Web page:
The police are back in Elko New Market, but the reason behind their two-week absence is still up for debate.
Some say it's money. Some say it's personal. Many are frustrated and unsatisfied.
"It's ridiculous," said Denise Wagner, one of the more than 150 residents who attended a city council meeting Thursday night.
Wagner, like much of the crowd, showed up at the meeting, argued and ultimately prevailed when the council voted unanimously to reinstate the police, effective Friday. But throughout the night, members of the crowd shouted at council members, asking for the "real reason" behind the 3-2 April 9 vote to disband the department in the town of 3,800 in southern Scott County.
Council Member Bob Hanna, who led the trio of council members who voted to remove officers from patrol, maintained Friday that finances were his primary motivation. But he acknowledged that concerns about police department personnel played into his decision.
In 2008, the Lakeville Police Department investigated claims of inappropriate conduct among Elko New Market officers. The probe yielded no criminal charges but did result in a written reprimand for officer Steven Malecka for telling sexual jokes, placing an inappropriate screen saver on a computer and using confidential information for personal reasons.
And Hanna supplied what he said was a resignation letter from an officer who left the force in 2004, describing a racist climate in the department. Former city administrator Ed Shukle, who is now the Jordan administrator, said the city looked into those claims and determined they were unfounded.
But Hanna said the allegations of inappropriateness and racism weren't sufficiently addressed.
"A more complete internal investigation should be done on it," Hanna said.
City Administrator Tom Terry said allegations against Chief Rick Jensen, also investigated by the Lakeville police, were unsubstantiated.
In agreeing to reinstate the department, effective Friday, the council also agreed to conduct personnel evaluations of Jensen and Malecka, keeping Malecka, who is now a sergeant, on paid administrative leave until his review is completed. The council also will consider hiring an independent consultant to evaluate whether it's more cost effective to stick with local police or contract with the sheriff's office.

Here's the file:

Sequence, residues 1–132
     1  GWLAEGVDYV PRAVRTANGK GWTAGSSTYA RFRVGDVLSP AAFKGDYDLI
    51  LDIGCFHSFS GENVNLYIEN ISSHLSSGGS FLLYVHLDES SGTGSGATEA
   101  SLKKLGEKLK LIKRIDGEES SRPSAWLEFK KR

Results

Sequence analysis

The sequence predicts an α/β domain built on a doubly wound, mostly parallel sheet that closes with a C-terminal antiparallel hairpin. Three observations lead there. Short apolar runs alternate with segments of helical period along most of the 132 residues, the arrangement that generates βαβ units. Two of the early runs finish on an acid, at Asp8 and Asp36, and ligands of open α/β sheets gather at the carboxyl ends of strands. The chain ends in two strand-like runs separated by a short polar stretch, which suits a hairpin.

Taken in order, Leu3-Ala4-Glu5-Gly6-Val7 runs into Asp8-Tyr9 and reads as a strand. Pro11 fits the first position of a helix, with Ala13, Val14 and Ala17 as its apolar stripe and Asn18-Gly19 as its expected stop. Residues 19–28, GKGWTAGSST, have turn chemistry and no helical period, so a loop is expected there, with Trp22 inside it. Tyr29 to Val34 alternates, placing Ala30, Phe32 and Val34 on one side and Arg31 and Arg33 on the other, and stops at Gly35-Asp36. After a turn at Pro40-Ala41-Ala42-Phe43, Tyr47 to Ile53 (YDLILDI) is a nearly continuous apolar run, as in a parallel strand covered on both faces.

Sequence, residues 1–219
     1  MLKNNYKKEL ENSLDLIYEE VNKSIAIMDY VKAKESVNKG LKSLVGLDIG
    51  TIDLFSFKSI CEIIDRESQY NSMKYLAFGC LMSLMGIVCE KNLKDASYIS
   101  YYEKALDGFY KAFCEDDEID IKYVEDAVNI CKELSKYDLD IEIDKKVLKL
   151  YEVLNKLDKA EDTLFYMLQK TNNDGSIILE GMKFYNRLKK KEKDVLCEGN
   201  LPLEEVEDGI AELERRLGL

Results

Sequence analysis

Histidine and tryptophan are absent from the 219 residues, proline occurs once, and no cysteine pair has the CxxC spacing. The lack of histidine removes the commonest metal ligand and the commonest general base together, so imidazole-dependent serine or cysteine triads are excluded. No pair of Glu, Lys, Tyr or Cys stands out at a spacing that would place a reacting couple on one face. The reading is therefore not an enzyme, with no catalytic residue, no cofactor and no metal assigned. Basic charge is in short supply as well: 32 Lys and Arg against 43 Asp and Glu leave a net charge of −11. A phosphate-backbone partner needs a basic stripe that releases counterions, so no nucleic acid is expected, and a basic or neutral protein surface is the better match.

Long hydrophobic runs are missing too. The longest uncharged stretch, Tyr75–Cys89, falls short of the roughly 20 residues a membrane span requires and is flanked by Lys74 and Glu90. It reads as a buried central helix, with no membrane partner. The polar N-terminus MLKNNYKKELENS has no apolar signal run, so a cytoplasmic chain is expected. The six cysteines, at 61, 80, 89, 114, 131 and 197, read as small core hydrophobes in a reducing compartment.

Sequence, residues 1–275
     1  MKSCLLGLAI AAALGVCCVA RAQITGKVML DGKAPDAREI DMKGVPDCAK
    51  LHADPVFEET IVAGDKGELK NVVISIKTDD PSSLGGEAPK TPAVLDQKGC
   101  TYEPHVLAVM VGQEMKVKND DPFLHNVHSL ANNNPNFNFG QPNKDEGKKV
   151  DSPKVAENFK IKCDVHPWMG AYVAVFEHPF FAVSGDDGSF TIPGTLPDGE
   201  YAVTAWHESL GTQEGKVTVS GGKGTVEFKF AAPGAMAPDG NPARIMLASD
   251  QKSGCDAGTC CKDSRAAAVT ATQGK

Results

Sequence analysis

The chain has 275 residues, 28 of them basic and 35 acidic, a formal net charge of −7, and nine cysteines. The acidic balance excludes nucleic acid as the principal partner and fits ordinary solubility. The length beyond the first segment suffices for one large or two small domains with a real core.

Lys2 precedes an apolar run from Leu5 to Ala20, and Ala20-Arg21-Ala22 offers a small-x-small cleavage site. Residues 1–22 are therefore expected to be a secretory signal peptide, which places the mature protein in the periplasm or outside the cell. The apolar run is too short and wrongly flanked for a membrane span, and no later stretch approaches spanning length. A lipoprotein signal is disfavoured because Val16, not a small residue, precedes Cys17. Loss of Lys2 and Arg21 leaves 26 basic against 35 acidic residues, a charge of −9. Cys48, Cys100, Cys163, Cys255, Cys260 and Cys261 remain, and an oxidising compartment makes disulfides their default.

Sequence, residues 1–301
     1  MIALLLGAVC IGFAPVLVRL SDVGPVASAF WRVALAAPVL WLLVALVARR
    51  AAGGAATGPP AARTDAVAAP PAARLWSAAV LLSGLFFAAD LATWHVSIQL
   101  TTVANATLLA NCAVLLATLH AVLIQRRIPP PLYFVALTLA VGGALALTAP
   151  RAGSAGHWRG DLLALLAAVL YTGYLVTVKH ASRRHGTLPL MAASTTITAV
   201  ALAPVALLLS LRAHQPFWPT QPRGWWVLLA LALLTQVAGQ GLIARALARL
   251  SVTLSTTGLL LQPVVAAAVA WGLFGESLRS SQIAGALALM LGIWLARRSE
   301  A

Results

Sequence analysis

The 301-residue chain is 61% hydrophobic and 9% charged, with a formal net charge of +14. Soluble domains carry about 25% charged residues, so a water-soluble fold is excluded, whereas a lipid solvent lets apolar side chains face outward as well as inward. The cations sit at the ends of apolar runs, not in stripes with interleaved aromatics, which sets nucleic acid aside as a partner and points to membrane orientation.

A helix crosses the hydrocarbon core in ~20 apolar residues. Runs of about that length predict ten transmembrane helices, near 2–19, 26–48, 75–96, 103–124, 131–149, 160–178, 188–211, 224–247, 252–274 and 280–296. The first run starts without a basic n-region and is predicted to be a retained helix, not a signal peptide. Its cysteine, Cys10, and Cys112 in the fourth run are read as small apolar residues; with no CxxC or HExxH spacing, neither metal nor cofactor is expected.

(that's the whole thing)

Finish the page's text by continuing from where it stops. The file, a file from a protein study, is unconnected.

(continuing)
Asked whether he would have voted to reinstate the department without those additional conditions, Hanna said, "I don't believe so."
Jensen pointed out that the 2008 investigation cleared him of any wrongdoing, but he declined to comment further.
Malecka declined to comment on the terms of his employment and past disciplinary action when contacted Friday.
Sheriff had doubts, too
Residents weren't the only ones questioning the council's motivation Thursday night. The Scott County sheriff and county commissioner Tom Wolf also expressed doubts about disbanding the local department.
The county board members had previously suggested to the council that they would support a contract if three criteria were met: the contract had to be financially beneficial to both parties, the public had to support it and the council needed to lend unanimous or near-unanimous support.
"I don't see any of it," Wolf said. "I don't see why we're having this discussion."
Sheriff Kevin Studnicka scolded the council for springing the decision to disband the department on the sheriff's office and the public.
"I do feel like they've been drug through the mud on this whole deal, and I don't like it one bit," he said, drawing cheers from the crowd.
In a lengthy question-and-answer session, the council drilled the sheriff on everything from the cost of coverage to his thoughts on local politics. When Mayor Jason Ponsonby asked Studnicka what the real issue in Elko New Market appeared to be, the sheriff responded: "Somebody's got a cut on their finger and you're trying to amputate their arm."
Studnicka said that if the city ultimately decided to pursue a contract with the county for coverage, he would expect a term of at least three years because he wouldn't want to hire and train more deputies only to see them booted later by the city.
"I really think this is an unstable group at this point," Studnicka said of the city council.
Ponsonby said Friday that even he's still not quite sure what prompted the three council members to disband the department, because they haven't specified their concerns.
"That has been my frustration," Ponsonby said. "You have to let the public know what you're doing."
Katie Humphrey • 952-882-9056